By Mary Hearty
As COVID-19 pandemic continues to cause havoc globally, health sector is the hardest hit among others. Patients, more so, women and adolescents feel the pinch as they are losing at least 20 percent of their health and social services.
Mothers are unable to access healthcare facilities with their newborns and young children due to closures and movement restrictions to minimize coronavirus spreading. Currently, healthcare workers pay more attention to COVID-19 patients other than pregnant mothers and children.
These maternal health hindrances are according to an Independent Panel of Senior Global Health Experts of Accountability for; Every Woman, Every Child and Every Adolescent.
The panel assessed the impacts of COVID-19 on mothers, newborns, young children and adolescents since January this year.
“Health systems in both rich and poor nations are massively struggling and the services for mother, newborns, young children and adolescents are crumbling,” Dr Elizabeth Mason, MD, co-chair of the UN Secretary General’s Independent Accountability Panel (IAP) for Every Woman, Every Child, and Every Adolescent said.
Dr Mason explains: “Especially worrisome are declines in access to life-saving vaccines for children and maternal health services due to closures and movement restrictions.”
“Immunization campaigns are being halted and health workers are being diverted from maternity to COVID-19 units,” she added.
IAP estimated that about 5.3 million death cases in children under 5 by pre-pandemic was reported. Moreover, there have been over 400,000 additional deaths caused by disruption in health and social services due to the pandemic.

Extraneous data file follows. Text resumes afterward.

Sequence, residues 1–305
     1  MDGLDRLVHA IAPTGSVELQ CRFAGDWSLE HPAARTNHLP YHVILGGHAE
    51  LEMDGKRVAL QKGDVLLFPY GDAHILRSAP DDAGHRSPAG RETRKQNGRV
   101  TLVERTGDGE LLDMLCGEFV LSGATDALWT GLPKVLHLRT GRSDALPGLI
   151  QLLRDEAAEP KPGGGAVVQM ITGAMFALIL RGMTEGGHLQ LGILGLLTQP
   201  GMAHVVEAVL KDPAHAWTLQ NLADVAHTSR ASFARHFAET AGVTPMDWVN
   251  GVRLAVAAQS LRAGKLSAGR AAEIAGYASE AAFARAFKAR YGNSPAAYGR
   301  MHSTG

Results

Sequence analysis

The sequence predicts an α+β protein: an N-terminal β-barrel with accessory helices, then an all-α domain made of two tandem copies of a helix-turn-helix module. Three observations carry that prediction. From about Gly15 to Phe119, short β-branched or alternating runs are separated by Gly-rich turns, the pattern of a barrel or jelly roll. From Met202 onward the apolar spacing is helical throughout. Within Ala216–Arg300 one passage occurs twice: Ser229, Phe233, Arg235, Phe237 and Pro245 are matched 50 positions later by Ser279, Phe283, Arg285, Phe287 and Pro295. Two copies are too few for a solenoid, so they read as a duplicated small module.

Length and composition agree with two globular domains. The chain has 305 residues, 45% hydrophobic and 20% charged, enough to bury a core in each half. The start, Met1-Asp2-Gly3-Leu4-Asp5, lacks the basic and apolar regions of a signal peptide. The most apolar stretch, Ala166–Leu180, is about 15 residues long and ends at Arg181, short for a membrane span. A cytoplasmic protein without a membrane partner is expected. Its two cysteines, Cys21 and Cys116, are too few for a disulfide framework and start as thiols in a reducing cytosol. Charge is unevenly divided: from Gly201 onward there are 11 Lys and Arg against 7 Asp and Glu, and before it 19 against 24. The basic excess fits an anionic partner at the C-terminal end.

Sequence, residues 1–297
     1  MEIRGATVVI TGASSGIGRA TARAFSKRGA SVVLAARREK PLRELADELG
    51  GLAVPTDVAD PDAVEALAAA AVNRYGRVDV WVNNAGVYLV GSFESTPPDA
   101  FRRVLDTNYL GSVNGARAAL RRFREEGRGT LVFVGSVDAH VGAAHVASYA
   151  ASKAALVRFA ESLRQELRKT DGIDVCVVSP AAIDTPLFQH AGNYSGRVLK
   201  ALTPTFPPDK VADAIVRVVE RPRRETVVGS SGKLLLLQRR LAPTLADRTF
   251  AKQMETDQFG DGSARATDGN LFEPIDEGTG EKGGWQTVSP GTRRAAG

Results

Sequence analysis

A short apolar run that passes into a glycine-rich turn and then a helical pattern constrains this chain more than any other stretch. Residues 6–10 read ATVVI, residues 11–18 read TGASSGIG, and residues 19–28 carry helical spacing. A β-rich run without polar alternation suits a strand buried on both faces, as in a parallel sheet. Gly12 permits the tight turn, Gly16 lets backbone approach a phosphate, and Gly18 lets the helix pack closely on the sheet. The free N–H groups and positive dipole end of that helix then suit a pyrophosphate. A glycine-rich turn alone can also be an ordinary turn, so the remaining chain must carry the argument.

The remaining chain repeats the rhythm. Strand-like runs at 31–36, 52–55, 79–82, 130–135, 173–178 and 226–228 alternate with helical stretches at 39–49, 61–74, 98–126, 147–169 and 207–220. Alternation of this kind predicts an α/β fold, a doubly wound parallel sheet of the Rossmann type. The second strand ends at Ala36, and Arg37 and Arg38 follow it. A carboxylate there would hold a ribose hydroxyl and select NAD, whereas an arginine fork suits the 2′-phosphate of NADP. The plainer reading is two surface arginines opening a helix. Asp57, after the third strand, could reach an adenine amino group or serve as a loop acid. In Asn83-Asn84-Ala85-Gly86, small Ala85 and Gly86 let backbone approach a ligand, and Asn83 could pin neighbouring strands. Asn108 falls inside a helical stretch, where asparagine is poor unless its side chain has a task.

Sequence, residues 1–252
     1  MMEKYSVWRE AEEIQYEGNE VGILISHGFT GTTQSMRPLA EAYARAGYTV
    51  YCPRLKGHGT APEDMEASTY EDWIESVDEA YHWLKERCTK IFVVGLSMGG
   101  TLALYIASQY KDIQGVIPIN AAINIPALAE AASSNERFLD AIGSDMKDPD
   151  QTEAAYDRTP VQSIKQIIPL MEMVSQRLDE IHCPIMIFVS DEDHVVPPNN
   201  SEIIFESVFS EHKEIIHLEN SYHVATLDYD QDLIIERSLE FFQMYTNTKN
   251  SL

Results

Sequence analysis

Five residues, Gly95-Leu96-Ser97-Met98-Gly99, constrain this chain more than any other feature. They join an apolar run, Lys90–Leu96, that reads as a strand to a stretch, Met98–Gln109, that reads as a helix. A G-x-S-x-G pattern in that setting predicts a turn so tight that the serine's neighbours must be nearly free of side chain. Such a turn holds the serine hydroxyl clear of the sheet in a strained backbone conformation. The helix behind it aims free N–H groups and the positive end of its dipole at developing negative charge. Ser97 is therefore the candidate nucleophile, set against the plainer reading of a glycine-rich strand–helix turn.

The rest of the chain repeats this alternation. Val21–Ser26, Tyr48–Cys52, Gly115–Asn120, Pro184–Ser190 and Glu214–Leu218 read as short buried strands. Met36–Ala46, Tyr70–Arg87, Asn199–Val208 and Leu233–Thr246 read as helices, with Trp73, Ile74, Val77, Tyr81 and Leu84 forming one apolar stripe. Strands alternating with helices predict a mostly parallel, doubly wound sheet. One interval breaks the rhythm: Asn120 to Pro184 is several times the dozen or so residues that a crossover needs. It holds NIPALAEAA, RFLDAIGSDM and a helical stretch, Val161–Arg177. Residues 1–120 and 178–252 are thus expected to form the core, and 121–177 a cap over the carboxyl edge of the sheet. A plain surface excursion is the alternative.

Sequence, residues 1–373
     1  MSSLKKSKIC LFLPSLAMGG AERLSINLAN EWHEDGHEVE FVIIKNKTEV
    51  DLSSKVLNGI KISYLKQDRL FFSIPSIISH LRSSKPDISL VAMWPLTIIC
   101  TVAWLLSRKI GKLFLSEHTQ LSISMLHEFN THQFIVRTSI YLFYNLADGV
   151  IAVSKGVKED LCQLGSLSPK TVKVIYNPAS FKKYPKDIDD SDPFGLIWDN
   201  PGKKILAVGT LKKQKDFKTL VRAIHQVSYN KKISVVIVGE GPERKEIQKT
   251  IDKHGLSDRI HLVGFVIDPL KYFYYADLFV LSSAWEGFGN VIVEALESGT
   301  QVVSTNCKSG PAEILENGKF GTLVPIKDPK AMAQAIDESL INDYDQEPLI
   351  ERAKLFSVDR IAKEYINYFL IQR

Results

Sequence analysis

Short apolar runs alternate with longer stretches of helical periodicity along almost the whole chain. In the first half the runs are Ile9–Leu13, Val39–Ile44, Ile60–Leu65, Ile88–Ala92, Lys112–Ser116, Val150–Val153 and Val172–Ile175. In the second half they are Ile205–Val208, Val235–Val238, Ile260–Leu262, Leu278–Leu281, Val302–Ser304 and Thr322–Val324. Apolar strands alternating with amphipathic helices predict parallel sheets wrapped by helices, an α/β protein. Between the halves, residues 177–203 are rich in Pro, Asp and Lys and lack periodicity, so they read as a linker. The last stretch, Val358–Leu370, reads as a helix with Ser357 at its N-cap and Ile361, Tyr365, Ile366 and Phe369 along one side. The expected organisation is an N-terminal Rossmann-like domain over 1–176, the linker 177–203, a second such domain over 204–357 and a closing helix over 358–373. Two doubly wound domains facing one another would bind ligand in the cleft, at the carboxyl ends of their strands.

Before this crisis, there was 2.5 million newborn deaths, and a minimum of 168,000 additional deaths during the pandemic.
On the other hand, there could be an additional 24,400 maternal deaths due to disrupted services caused by coronavirus crisis.
Statistics indicates that 13.5 million children missed vaccinations against life threatening diseases, as more than 20 countries reported vaccine shortages caused by the pandemic.
Furthermore, unexpected pregnancies could come close to 15 million in low- and middle- income countries due to interference of contraceptive supplies.
“These findings show how weak our health systems are at protecting mothers, newborns, young children and adolescents,” Joy Phumaphi, co-chair of the panel and former WHO Assistant Director-General.
“COVID-19 is making a bad situation worse,” Ms Phumaphi emphasized.
Again, COVID-19 pandemic has interfered with constant growth and has resulted in increased poverty and unemployment, and has stirred up inability to access increased support among women.
The panel’s data approximated that almost 66 million children risk falling into extreme poverty. Nearly 370 million children are missing school meals. Besides, women experience increased depression, anxiety and uncertainty.
Since the coronavirus started, about 15 million additional acts of violence against women and girls every three months of lockdown have been reported. In some countries, emergency calls increased by 30 percent.
“The lives’ of every mother, newborn, child and adolescent matter,” Giorgi Pkhakadze, a professor of Epidemiology and Public Health said.
“Quality healthcare is not a luxury, but a life-saving resource.” Pkhakadze added.
UN goals target maternal deaths to decline globally to less than 70 deaths out of every 100,000 live births; newborn deaths in each country to reduce to at most 12 deaths per 1000 live births and children under 5 deaths to reduce to as low as 25 deaths among 1000 births.
Presently, more than 190 countries have accepted these objectives.
The Independent Accountability Panel 2020 report, calls for leaders to fulfill their commitments and lay out the action needed to address these issues.
Commitments to universal health coverage, primary health care, International Health Regulations and sustainable development, were urgently needed before the pandemic. Now with COVID-19, they are even more important.